I originally wanted to blog to share all of the DIY crafts I'm constantly working on. I get a lot of questions about how I do them, so I started to photograph the steps I was taking, and eventually that led to The Patchwork Paisley. However, I am starting to feel a bit burnt out. It's not easy to maintain and support the new blogging friendships I've made, promote my blog, and write posts worth promoting, plus I tend to overdo it. I'm resisting the urge right now to click over to PicMonkey and bedazzle one of my pictures or create a fancy title so far, (if you see some frills on the finished piece, PicMonkey won.) Sometimes after hours of blogging, and we all know that doesn't mean just hitting the keyboard- we're talking Google searches, networking, html fixing, self-teaching and complete immersion in blog land with no bread crumbs to find your way back out, and complete loss of time, space or the goal you had set for the day. I feel like a reluctant, long time smoker: bloodshot eyes, achy, frustrated, guilty, threatening to give it up, but always coming back to it with an insatiable need-and this week has been tough. I've finally hit a wall. Picture me throwing down the virtual paintbrush, then looking over and seeing heavenly light shining on a pen and paper. Nothing else. No markers, or crayons, fancy paper or glitter.
<Cue inner dialogue>
What's wrong with keeping it simple sometimes? Not everything you post has to look pretty. You might actually have made a few e-friends who want to read what you have to say and not just be dazzled by all the #eyecandy.
So I had an epiphany. It dawned on me that it might actually help to just get my thoughts out. I have always been able to sort my thoughts best in writing. You would think my artwork would do that, but I think I just realized myself how much I've always enjoyed it. I have 5 diaries full, cover to cover, from 5th or 6th grade, all the way up until a few years ago. I has been a while since I just wrote. I often hear bloggers say they started their site to answer the call to write. My reaction to that is always, "wow that's great." It's kind of like my need to create. But wait a minute- I really like writing, or I used to, and right now I feel like I'm reconnecting with an old friend. One of those friends that's always there, that you can pick right back up where you left off with- no resentment or awkwardness. Those are the best kinds of friends. Easy, relaxing and no need for all the pomp and circumstance.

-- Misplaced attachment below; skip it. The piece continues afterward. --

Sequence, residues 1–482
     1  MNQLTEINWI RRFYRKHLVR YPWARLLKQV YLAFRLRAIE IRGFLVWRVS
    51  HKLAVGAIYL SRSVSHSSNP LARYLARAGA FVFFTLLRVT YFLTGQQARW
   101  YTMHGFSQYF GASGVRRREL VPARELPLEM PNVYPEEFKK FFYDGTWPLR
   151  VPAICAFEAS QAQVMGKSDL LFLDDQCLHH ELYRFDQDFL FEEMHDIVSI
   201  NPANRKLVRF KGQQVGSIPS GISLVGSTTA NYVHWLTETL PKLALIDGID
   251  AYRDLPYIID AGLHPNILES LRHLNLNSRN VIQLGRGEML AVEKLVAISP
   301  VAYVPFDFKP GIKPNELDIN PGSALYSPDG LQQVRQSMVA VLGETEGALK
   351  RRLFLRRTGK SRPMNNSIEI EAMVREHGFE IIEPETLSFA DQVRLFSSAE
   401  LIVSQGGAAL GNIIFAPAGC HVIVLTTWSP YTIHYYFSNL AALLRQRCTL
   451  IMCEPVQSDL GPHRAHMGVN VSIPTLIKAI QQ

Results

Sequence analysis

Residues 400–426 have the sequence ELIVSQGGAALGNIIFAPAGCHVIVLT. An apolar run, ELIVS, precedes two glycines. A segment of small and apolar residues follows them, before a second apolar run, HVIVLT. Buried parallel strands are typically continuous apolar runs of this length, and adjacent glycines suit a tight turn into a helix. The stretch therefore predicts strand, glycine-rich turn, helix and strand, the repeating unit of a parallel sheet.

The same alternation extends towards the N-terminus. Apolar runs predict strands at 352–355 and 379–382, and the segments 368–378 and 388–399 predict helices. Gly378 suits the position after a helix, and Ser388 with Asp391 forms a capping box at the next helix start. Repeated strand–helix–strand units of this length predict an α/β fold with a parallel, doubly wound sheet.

So tonight I retreated to my favorite spot in the house, my attic studio after declaring some Mommy Time while the hubby wrangles the girls. This is the spot I used to spend hours or entire days in just making stuff. It's cozy and messy and I'm surrounded by color and art supplies, listening to the Mumford and Sons station on Pandora. I pause it every once in a while to make sure my 3 year old isn't yelling for me, or the baby isn't crying, after all I'm not on an island, (oh to be on an island) but for the most part I am secluded in my little nook. My goal? Just write. Vent. Try to finish a post in less than 3 days.
|My little attic hideaway/nook/mom-cave/heaven|
Did I mention it has been a rough week?
Violet started preschool on her 3rd birthday. She posed for pictures, walked through the school doors as happy as can be, waved over her shoulder and was gone. She would only be there until lunch and I was anxiously looking forward to hearing how her day went. Well, her first day wasn't the best, and she was all sniffly when I picked her up. Every day since has been an increasingly bigger struggle in the morning. I feel horrible allowing someone to half-drag her (as nicely as possible) into the school building while I turn around and walk away from my heart, my cute little blue-eyed, cherub-faced heart that is hurting because she wants her Mommy. I have cried, thrown things and essentially pitched my own mini fit after leaving her. I pacify myself with an iced coffee, some blogging time (if the baby allows) and try not to think about her ------->
Luckily, it has gotten a bit better. Apparently, Violet and I have dealt with the transition in similar ways. While I have my coffee and laptop, she calms down with some circle time and play time. A bit of distraction and both of us are all smiles when pick-up time comes. I knew it could be tough, but I did not anticipate the sheer amount of emotion that is spent between the hours of 8 and 12 every day. It is exhausting. Mentally and even physically (hence the current Mommy time out and this
I have restrained myself from sending the teacher a million notes, emails or phone calls. It is SO strange as a teacher myself being on the parent side.It's a whole new perspective that I don't think I can adequately describe just yet What I do know is that I am learning here too and it is plain to see that the intense reality is: when raising children...some things will never be simple.